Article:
Medicinal cannabis in technology

On June 14, 2019, the Texas Governor signed House Bill 3703 into enactment. The house bill indicates “Low-THC cannabis, known as the plant Cannabis sativa L., and any part of that plant or any compound, manufacture, salt, derivative, mixture, preparation, resin, or oil of that plant which contains not more than 0.5 percent by weight of tetrahydrocannabinol may be prescribed by the medical society for the treatment of chronic diseases.” The house bill also indicates that the prescription source must comply with the “American Board of Medical Specialties or the Bureau of Osteopathic Specialists.”

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Though this breakthrough in Texas law is a long-awaited release for the medical society that promotes it; it purposes a different view in the technology sector which promotes the 10 to 15 panel drug screen for employment within high risk areas which require machine handling, development, technical writing, etc.

House Bill 3703 does discuss the criminal implications of unauthorized use of medical cannabis, indicating that both the physician and patient must be a part of a secure online “compassionate-use registry;” which technically should not be readily accessible to employers for random employment drug screening. The secure online “compassionate-use registry” seems to be an excellent opportunity for developers interested in developing for the medical cannabis market; however, the factors of drug screening in the area of employment still seems to be of preferential concern.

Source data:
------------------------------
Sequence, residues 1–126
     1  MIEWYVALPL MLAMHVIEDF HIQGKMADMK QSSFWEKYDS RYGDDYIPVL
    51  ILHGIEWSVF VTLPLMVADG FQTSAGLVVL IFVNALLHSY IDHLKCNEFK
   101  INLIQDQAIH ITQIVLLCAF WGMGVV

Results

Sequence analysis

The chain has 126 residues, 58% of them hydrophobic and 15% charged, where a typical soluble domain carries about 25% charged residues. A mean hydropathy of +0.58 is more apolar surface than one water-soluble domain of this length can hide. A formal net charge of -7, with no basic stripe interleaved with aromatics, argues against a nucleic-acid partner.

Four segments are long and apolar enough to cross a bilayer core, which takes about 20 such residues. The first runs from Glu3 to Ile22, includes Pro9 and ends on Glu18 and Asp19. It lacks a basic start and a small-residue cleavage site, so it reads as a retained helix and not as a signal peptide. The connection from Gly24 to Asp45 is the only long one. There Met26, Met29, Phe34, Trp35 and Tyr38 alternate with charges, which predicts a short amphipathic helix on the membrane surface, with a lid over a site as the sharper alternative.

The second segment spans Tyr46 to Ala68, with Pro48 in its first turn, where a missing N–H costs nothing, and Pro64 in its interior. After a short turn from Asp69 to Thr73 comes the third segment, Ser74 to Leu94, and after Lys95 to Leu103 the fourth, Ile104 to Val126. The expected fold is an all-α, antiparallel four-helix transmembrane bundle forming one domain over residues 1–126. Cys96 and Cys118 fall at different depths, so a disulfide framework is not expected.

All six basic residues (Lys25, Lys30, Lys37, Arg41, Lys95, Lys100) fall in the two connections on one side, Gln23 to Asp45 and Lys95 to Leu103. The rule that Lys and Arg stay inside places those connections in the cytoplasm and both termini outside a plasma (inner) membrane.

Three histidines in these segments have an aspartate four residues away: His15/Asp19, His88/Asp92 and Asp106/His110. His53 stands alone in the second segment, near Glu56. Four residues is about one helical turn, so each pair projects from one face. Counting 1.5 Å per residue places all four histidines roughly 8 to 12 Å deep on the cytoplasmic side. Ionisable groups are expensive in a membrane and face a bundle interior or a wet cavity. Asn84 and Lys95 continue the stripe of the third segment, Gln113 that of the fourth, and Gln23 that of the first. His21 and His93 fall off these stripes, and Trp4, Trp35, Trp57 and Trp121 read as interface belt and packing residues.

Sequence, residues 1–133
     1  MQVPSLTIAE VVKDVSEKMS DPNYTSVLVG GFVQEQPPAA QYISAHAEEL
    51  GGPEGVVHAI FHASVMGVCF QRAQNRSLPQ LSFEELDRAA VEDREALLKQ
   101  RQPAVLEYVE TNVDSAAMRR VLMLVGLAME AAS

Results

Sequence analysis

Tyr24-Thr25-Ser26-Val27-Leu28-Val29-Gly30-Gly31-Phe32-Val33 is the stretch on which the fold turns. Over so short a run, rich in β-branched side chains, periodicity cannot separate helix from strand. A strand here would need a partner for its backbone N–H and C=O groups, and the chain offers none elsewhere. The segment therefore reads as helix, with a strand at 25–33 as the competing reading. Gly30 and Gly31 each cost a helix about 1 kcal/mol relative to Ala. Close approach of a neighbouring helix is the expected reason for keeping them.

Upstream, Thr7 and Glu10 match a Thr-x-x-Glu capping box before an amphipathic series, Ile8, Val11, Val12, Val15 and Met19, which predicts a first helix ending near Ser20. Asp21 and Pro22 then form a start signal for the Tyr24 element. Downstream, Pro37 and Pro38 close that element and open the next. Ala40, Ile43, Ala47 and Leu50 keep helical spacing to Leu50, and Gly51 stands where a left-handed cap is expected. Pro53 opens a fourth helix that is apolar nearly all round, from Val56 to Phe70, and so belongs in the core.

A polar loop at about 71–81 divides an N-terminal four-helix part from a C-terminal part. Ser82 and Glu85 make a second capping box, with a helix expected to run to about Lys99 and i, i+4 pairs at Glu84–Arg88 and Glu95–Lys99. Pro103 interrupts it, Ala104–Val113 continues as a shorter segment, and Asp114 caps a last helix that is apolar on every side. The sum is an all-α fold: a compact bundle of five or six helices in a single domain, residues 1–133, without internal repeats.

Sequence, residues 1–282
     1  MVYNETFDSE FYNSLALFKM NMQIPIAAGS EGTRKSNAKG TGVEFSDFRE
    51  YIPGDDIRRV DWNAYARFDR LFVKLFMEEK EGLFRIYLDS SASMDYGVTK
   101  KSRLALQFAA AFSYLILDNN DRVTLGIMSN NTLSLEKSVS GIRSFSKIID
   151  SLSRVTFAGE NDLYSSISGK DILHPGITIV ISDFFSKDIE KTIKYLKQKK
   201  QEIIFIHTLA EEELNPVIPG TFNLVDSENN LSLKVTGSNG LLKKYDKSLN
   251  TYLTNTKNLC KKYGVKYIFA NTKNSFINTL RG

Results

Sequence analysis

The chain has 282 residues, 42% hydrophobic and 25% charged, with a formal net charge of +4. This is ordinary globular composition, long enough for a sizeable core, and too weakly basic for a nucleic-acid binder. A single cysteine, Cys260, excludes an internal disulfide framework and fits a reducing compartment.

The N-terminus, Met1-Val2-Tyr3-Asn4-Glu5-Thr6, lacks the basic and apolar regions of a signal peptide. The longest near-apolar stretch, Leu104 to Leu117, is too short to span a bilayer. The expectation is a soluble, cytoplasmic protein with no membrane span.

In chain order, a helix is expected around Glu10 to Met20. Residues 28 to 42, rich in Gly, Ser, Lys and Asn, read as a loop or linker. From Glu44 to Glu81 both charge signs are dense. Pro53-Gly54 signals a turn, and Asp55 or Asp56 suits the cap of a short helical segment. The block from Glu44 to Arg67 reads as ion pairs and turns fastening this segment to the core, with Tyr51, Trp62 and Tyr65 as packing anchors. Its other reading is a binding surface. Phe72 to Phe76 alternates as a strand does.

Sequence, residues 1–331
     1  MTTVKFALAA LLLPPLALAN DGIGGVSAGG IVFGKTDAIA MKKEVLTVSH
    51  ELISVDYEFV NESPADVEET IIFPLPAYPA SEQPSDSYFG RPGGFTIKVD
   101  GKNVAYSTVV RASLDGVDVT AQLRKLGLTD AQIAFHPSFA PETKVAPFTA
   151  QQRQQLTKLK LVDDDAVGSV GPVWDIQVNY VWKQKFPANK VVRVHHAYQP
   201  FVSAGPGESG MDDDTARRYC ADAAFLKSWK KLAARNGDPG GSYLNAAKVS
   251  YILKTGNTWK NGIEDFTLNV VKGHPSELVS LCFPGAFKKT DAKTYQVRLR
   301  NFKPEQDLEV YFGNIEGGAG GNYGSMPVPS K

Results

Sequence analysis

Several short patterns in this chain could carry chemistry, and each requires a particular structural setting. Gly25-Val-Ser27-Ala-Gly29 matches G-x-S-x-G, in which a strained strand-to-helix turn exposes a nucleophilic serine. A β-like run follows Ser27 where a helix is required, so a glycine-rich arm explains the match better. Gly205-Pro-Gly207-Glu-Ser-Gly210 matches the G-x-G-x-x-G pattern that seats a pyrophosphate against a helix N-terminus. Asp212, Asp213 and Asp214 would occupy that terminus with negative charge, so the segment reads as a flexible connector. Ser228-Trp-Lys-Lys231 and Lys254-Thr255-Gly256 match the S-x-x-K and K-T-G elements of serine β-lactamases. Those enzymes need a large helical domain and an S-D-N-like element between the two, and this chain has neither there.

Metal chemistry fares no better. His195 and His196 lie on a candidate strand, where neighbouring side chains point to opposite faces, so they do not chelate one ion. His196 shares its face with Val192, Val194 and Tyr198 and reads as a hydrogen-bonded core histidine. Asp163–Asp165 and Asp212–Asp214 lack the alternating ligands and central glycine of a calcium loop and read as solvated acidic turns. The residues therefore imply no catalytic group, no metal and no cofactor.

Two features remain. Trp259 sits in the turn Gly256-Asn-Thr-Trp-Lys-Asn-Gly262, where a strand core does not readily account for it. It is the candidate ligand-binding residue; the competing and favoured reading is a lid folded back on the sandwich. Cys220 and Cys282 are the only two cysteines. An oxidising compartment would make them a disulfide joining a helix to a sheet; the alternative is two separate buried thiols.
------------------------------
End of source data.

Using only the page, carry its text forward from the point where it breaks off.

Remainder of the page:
Urine drug testing for an inactive THC metabolite is common in both federally regulated and non-regulated drug testing. United States Congress passed the Drugfree Workplace Act in 1988. In 2010, regulated testing began to include the heroin metabolite 6-MAM, and the substituted amphetamines MDMA, MDA, and MDEA; the drug screen also includes tetrahydrocannabinol carboxyclic acid (THCA).

House Bill 3703 indicates that “a municipality, county, or other political subdivision may not enact, adopt, or enforce a rule, ordinance, order, resolution, or other regulation that prohibits the cultivation, production, dispensing, or possession of low-THC cannabis” other than authorized by enactment. Therefore, the house bill does not support the release of medicinal cannabis outside its liquid form by unauthorized physicians. However, it does not indicate designated areas of usage for the patient under low-THC cannabis treatment.

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